LIVE MARKETS Exchange-traded funds: now on a blockchain?

0
  • Dow Jones, S&P trough > 1%, small caps outperform
  • Consumer Staples is the weakest S&P sector; energy drives winners
  • dollar dip; gold gain, raw, bitcoin
  • 10-year US Treasury yield drops to ~1.86%

February 28 – Welcome home to real-time market coverage from Reuters reporters. You can share your thoughts with us at [email protected]

EXCHANGE-TRADE FUNDS: NOW ON A BLOCKCHAIN? (1330 ET/1830 GMT)

Exchange-traded funds (ETFs) are among the biggest investment vehicles on the market. The CFRA estimates that as much as $700 billion was invested in equity-focused ETFs alone in 2021.

Join now for FREE unlimited access to Reuters.com

Register

With their lower fees and relative ease of trading, it’s no surprise that crypto-curious investors are eagerly awaiting approval for a cash bitcoin ETF, but so far they’ve had to make do. a handful that follows futures contracts.

Meanwhile, Arca, a digital asset management company focused on institutional investors, thinks a next iteration of funds could involve the integration of blockchain technology – a “blockchain-transferred fund” (BTF).

A BTF would issue its shares on a blockchain instead of a regular exchange. In one white paper released on Monday, Arca says it would allow for lower fees, the ability to transfer between peers, real-time settlement, and potentially higher liquidity.

Arca already offers the Arca US Treasury Fund, a BTF that tracks US Treasuries. It issues digital assets called ArCoins where an ETF would issue traditional stocks.

Still, there are hurdles, particularly down to the Securities and Exchange Commission’s rules regarding digital assets, which have yet to be ironed out. Until those rules are established, “utility in a market sense isn’t there yet,” said Arca CEO Rayne Steinberg.

He also notes that some of the benefits of BTFs, including how blockchain-based funds could reduce costs, will really manifest themselves once these products can be offered at scale. This may take some time, given the regulatory outlook.

Meanwhile, Steinberg says Arca has seen interest from large institutions as well as retail traders around their existing BTF.

*****

UNCERTAINTY LIKELY TO DRIVE VOLATILITY (1235 EST/1735 GMT)

The Russian invasion of Ukraine intensified risky actions.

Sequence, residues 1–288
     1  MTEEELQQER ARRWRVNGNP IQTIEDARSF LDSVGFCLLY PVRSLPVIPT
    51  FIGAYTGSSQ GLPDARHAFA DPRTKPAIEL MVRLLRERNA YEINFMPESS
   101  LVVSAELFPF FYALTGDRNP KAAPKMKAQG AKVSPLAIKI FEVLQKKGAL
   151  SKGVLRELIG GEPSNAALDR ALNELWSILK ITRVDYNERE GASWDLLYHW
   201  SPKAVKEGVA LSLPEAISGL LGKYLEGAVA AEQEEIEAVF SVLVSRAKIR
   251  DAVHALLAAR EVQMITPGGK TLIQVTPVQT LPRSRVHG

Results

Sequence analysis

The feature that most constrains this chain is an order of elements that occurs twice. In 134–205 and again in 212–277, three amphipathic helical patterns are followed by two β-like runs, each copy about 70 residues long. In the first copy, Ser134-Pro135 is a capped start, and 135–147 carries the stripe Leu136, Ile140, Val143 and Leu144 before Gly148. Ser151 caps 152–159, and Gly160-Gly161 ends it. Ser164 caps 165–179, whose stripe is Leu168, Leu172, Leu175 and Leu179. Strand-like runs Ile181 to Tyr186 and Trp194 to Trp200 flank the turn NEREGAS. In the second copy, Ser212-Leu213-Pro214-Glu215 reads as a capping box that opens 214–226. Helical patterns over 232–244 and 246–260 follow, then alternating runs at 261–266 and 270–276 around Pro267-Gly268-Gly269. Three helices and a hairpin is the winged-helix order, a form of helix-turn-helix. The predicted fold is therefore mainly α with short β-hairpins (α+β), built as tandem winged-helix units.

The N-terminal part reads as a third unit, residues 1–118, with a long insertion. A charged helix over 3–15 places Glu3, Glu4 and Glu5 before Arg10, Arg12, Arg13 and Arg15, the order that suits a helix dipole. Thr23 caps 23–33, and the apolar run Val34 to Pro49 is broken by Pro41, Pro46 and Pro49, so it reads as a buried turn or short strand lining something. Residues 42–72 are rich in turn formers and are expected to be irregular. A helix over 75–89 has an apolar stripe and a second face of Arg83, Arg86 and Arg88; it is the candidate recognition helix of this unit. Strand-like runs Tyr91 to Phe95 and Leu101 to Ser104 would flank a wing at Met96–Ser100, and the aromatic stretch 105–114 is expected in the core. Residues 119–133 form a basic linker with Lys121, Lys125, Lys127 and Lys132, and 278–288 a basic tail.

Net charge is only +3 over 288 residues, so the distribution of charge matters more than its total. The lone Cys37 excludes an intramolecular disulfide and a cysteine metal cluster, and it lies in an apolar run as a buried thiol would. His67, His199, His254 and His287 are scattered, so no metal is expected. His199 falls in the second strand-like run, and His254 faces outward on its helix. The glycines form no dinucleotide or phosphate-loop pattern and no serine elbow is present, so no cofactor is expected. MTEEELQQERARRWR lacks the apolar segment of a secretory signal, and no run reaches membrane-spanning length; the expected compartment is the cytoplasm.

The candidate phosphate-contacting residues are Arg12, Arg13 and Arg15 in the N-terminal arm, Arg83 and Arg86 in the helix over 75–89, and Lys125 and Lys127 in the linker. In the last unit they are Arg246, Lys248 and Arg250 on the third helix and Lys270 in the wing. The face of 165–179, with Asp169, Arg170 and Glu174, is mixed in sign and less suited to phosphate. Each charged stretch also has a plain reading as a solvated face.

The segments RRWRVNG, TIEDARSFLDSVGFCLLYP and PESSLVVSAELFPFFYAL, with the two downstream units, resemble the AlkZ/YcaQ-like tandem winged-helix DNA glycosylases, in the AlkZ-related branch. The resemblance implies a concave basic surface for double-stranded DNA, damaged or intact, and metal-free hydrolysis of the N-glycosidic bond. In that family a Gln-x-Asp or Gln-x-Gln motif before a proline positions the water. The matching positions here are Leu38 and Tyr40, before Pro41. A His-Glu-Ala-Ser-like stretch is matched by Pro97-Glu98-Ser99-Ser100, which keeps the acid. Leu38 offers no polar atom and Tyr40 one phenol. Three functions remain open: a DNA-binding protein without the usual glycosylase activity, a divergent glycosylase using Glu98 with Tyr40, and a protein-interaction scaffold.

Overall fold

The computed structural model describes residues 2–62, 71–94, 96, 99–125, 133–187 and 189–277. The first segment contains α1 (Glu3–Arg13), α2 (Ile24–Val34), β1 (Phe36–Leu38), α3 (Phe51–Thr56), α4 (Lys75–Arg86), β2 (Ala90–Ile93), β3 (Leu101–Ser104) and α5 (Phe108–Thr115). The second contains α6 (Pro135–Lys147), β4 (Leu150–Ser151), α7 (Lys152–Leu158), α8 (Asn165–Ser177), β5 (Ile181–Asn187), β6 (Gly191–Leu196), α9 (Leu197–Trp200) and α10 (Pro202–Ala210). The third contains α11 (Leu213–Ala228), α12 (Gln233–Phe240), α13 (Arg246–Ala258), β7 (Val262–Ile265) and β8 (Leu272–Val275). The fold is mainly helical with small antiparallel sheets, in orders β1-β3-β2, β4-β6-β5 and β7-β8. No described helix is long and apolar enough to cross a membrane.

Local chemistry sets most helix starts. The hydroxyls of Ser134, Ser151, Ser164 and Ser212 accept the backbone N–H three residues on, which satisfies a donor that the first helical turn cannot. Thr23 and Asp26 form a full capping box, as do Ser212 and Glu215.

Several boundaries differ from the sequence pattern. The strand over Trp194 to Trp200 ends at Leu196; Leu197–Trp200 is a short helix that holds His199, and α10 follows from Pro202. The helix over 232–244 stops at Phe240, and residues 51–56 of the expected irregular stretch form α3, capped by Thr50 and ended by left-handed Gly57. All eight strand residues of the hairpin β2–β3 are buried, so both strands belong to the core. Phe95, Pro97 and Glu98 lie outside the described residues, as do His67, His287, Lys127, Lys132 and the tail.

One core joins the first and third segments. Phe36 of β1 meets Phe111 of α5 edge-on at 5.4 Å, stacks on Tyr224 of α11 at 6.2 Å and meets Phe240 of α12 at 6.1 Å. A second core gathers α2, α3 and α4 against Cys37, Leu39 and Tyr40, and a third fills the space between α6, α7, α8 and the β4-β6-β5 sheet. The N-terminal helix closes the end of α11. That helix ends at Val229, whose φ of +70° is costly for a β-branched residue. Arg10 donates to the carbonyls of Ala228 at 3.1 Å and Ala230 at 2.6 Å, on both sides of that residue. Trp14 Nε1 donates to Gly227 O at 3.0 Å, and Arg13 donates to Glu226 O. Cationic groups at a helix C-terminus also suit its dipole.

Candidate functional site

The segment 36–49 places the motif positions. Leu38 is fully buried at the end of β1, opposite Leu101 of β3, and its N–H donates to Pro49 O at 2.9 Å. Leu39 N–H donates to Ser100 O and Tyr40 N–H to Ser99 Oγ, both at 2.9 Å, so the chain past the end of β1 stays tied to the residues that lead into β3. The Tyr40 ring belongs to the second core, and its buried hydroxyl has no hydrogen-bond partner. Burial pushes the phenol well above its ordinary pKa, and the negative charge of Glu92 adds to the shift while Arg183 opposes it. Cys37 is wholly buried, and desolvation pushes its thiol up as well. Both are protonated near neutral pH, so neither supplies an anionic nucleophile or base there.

Indeed, according to Bob Doll, Chief Investment Officer at Crossmark Global Investments, the market outlook is highly uncertain and volatility in either direction seems likely.

Either way, in his latest “deliberations,” Doll says the US economic outlook is “rather optimistic” and unlikely to be upended by events in Ukraine.

He points out that from the early January peak to last week’s low, US stocks have fallen almost 15%. Meanwhile, he says the P/E ratio has gone from 22x to 19x.

While Doll doesn’t yet see this as ‘cheap’, he thinks selective additions to stock holdings are warranted given that Crossmark’s year-end target for the S&P 500 (.SPX) remains at 4. 500, just over 3% above current levels.

In conclusion, Doll does not expect the Ukrainian developments to deal a significant blow to global growth and therefore expects the cyclical outlook to remain bearish for bonds and neutral for equities.

However, he believes stock markets were oversold and hit a significant low last week.

(Terence Gabriel)

*****

FOURTH QUARTER PROFIT MARGINS (1105 EST/1605 GMT)

With fourth-quarter earnings for 95% of S&P 500 companies, DataTrek Research co-founder Nicholas Colas released a note on the earnings trend.

“The overall story here is very good,” Colas wrote, noting that the benchmark S&P 500 index as a whole posted net margins (after tax) of 12.4% for the fourth quarter, compared to 11% it a year ago.

But under the hood, there are “distinct winners and losers,” with six of 11 industry sectors seeing their profit margins rise and five seeing their margins fall.

On the winning side:

Energy: 9% net margin in Q4 2021 vs. net loss in Q4 2020

Industrials: 7.8% vs. 4.5% a year ago

Materials: 12.9% versus 10.2%

Consumer Discretionary: 7.6% vs. 5.7%

Technology: 26% versus 24.1%

Healthcare: 10.6% versus 9.4%

On the losing side:

Utilities: 10.0% versus 11.9%

Real estate: 34.2% versus 34.7%

Finance: 18.3% versus 18.7%

Communication services: 12.3% vs. 12.4%

Basic consumption: 6.4% compared to 6.5%